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== Tax Laws ==
Researchers will find the name of the taxpayer and the township in which they lived.
+
Abraham Lincoln instituted the income tax in 1862, and on July 1, 1862, Congress passed the Internal Revenue Act, creating the Bureau of Internal Revenue (later renamed to the Internal Revenue Service). This act was intended to “provide Internal Revenue to support the Government and to pay interest on the Public Debt.” Instituted in the height of the Civil War, the “Public Debt” at the time primarily consisted of war expenses.  For the Southern States that were part of the Confederate side of the Civil War, once Union troops took over parts of the Southern States, income taxes were instituted on them. <ref>[https://search.ancestry.com/search/db.aspx?dbid=1264  Creation of the IRA]</ref>
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*To learn more about this Collection click [https://www.familysearch.org/wiki/en/United_States,_Internal_Revenue_Assessment_Lists_(FamilySearch_Historical_Records) here]
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*To learn more about the Civil War taxes click [https://www.archives.gov/publications/prologue/1986/winter/civil-war-tax-records.html here]
  
*[https://search.ancestry.com/search/db.aspx?dbid=3840 Leavenworth County, Kansas Tax Payers, 1900-1920] ($)
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== References ==
This record includes the name of the taxpayer, the year they paid the tax, and the post office where they received mail.
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<references/>
  
<br> {{Template:Pros-KS}}  
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{{Template:Pros-KS}}  
  
 
{{Kansas|Kansas}}  
 
{{Kansas|Kansas}}  
 
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[[Category:Kansas, United States]]
[[Category:Kansas, United States|Probate]]
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[[Category:Taxation]]

Latest revision as of 11:48, 3 September 2019

Kansas Wiki Topics
Kansas flag.png
Beginning Research
Record Types
Kansas Background
Ethnicity
Local Research Resources

Online Resources[edit | edit source]

Why Use Tax Records[edit | edit source]

By studying several consecutive years of tax records you may determine when a young men came of age, when individuals moved in and out of a home, or when they died leaving heirs. Authorities determined wealth (real estate, or income) to be taxed. Taxes can be for polls, real and personal estate, or schools.

Tax record content varies and may include the name and residence of the taxpayer, description of the real estate, name of original purchaser, description of personal property, number of males over 21, number of school children, slaves, and farm animals. Tax records usually are arranged by date and locality and are not normally indexed. Tax records can be used in place of missing land and census records to locate a person’s residence.

How to Use Tax Records for Kansas[edit | edit source]

County Level[edit | edit source]

For the most part, tax records remain at the local level. Assessment and tax rolls are kept permanently by the County Treasurer's office.[1]

The journal articles listed below can be seen only at the Family History Library in Salt Lake City or at the Kansas State Historical Society in Topeka, KS.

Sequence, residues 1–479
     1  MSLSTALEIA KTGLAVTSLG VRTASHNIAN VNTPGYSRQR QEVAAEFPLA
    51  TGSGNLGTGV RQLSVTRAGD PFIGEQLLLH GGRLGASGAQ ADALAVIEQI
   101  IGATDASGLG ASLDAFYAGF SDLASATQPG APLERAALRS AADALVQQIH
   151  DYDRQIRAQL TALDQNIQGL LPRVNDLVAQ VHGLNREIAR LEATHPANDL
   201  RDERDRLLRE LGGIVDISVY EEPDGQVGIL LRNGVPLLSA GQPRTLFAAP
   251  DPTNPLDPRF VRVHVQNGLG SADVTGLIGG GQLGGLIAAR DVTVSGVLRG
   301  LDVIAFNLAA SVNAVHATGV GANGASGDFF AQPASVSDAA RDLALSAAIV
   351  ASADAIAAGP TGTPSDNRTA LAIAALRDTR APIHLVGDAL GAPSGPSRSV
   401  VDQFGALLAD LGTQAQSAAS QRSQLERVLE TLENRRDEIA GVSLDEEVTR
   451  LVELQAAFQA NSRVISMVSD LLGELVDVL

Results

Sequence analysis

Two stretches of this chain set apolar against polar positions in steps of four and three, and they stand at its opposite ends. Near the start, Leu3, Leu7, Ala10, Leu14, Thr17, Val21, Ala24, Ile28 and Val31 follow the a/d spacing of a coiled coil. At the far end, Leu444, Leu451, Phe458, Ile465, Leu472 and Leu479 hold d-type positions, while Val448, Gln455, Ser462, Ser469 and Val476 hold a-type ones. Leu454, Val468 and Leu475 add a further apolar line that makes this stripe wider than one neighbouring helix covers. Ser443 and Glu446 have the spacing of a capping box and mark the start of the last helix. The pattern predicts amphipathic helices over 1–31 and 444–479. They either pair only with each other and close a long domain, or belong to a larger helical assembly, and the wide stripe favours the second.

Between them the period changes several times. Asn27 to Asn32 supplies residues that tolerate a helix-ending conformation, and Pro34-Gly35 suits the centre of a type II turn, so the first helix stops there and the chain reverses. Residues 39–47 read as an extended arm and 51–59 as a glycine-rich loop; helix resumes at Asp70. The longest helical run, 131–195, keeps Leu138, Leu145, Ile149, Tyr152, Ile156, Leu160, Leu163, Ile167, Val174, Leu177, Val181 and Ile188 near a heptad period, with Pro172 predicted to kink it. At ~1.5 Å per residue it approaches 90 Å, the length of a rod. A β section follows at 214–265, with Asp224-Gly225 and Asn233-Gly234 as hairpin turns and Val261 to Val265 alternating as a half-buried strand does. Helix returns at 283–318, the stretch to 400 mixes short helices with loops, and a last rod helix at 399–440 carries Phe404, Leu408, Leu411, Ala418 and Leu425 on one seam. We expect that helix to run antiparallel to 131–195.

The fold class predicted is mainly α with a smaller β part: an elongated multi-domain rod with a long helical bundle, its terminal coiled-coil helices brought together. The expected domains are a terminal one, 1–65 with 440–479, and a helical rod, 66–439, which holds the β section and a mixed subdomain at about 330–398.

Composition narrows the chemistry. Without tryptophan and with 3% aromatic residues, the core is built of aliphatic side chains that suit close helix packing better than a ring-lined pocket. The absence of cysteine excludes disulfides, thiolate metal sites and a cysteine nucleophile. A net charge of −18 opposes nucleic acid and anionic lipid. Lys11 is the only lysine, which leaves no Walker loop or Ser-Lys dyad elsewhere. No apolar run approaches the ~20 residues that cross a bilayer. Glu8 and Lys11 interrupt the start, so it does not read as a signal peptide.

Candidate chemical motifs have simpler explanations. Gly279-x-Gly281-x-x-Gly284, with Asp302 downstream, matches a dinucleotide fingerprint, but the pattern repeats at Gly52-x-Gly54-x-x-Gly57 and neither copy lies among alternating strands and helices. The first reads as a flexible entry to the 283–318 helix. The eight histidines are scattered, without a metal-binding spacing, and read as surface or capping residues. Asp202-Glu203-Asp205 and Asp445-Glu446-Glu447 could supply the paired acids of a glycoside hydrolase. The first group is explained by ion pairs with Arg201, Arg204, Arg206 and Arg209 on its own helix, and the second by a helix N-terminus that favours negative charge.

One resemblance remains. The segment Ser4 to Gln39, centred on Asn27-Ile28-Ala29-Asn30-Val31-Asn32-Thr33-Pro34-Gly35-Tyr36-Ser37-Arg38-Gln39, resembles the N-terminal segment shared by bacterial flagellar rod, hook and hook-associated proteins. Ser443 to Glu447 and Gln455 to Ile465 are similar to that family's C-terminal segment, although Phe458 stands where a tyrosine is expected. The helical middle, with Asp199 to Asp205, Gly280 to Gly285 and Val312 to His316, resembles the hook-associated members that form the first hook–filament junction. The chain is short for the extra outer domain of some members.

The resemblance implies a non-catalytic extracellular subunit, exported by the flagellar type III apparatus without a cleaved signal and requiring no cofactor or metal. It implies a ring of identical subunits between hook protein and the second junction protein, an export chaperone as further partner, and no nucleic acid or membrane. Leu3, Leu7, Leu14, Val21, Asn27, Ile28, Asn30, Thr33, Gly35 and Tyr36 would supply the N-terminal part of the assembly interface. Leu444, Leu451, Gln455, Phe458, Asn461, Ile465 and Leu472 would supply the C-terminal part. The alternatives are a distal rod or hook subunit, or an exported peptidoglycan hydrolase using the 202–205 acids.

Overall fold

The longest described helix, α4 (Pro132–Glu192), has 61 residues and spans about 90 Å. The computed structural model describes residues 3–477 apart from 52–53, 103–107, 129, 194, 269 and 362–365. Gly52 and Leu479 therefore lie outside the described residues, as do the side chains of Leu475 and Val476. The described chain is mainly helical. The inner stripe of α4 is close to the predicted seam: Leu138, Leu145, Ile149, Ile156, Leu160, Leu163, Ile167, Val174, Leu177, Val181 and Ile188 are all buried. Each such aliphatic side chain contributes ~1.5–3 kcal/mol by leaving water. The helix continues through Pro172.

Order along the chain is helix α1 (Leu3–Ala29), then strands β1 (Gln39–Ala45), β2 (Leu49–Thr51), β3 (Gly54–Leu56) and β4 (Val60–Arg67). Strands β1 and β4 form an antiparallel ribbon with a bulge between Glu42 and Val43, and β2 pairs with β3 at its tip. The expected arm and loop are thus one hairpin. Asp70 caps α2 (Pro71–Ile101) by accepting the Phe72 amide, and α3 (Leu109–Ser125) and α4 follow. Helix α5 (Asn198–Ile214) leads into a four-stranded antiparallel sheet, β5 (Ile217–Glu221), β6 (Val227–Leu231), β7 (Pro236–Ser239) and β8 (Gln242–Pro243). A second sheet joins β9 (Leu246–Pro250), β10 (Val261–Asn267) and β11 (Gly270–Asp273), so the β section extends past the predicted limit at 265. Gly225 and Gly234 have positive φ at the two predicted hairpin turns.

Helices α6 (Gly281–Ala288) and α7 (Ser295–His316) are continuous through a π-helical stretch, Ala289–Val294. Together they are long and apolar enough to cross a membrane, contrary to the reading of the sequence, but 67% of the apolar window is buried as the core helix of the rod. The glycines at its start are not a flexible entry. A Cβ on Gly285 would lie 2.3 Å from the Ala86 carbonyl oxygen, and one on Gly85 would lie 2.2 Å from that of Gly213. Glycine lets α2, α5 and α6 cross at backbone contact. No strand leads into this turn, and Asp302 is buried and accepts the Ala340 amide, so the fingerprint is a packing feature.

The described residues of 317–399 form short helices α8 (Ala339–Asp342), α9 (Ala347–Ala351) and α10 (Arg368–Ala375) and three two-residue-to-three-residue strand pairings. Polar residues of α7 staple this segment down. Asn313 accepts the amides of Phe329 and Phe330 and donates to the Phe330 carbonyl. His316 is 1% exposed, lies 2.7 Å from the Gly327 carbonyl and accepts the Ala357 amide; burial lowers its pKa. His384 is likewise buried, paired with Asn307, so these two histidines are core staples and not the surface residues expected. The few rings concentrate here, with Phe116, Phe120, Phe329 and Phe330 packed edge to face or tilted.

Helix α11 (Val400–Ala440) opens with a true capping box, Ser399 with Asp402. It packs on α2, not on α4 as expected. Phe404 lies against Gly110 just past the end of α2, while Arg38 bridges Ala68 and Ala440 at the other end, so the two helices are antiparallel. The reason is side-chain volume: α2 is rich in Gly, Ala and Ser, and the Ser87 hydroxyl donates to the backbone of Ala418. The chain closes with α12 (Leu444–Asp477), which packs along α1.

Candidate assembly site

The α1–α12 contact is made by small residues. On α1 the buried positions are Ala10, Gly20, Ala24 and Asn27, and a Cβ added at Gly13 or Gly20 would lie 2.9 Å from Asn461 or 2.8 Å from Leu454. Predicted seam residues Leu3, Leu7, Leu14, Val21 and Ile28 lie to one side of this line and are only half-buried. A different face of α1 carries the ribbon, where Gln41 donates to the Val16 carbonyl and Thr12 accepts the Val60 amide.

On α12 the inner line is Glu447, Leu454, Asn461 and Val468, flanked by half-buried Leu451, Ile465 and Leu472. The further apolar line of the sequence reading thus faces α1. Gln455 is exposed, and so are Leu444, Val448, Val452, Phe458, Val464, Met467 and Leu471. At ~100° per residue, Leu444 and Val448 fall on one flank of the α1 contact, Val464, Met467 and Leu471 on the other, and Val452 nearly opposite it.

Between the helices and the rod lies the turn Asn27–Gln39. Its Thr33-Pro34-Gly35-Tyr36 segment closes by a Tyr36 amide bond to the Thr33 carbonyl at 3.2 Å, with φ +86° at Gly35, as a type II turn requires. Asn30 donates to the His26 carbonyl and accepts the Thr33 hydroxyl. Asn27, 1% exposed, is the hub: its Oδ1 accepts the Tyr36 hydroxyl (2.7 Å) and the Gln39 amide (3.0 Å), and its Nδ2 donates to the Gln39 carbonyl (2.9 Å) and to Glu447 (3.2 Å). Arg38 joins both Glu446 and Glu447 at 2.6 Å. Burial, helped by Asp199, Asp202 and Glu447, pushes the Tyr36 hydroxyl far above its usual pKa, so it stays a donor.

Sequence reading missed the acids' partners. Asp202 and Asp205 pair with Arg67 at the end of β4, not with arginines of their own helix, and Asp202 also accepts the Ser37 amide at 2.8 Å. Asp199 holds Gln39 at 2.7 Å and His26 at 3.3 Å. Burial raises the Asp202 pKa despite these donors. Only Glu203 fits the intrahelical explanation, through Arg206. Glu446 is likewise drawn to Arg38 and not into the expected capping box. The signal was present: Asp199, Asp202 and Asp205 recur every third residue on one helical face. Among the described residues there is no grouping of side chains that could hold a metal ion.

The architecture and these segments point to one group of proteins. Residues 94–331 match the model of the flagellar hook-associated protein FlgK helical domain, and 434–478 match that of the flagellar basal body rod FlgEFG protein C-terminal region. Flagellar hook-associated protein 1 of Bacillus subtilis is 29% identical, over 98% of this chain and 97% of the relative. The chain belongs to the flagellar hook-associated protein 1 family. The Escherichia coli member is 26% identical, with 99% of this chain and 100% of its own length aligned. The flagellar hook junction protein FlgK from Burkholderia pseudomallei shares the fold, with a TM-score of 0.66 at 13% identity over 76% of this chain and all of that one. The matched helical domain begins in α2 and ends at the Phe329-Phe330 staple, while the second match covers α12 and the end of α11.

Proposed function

The following are part of a Journal Article called "The Kansas Review: Farmers land & trust, tax register 1886-1889" They are Extracts from the Farmers Loan & Trust, tax register, for the years 1886-1889 and include the following Counties:

1. The Kansas review: Farmers land & trust, tax register 1886-1889 - v. 30-31 (2004-2006) - v. 30, no. 2 (Nov. 2004) p. 45-55 the counties Ford, Finney, Meade, and Sedgwick
2. The Kansas review: Farmers land & trust, tax register 1886-1889 - v. 30-31 (2004-2006) - v. 30, no. 1 (Aug. 2004) p. 21-27 the counties Ford, Kiowa, McPherson, Pawnee, Pratt & Woodson
3. The Kansas review: Farmers land & trust, tax register 1886-1889 - v. 30-31 (2004-2006) - v. 30, no. 3 (Feb. 2005) p. 88-93 the counties Kiowa and Stevens
4. The Kansas review: Farmers land & trust, tax register 1886-1889 - v. 28-29 (2002-2004) - v. 28, no. 3 (Feb. 2003) p. 82-86 the counties Montgomery, Chautauqua, Stafford, Hodgeman, Kingman, Sumner & Saline
by Ruth Bennett Sanderson. Surnames covered, Wright, Reed, Phillis, Lockett, Coffey; To be continued in Vol. 28, No. 4. Includes bibliographical references.

State Level[edit | edit source]

Kansas county assessment rolls of real and personal property are often in the County Appraiser's Office. These tax rolls show who was assessed, a description of the property with the taxable valuation and the amount of the tax.

Tax money bag.jpg

Tax Laws[edit | edit source]

Abraham Lincoln instituted the income tax in 1862, and on July 1, 1862, Congress passed the Internal Revenue Act, creating the Bureau of Internal Revenue (later renamed to the Internal Revenue Service). This act was intended to “provide Internal Revenue to support the Government and to pay interest on the Public Debt.” Instituted in the height of the Civil War, the “Public Debt” at the time primarily consisted of war expenses. For the Southern States that were part of the Confederate side of the Civil War, once Union troops took over parts of the Southern States, income taxes were instituted on them. [2]

  • To learn more about this Collection click here
  • To learn more about the Civil War taxes click here

References[edit | edit source]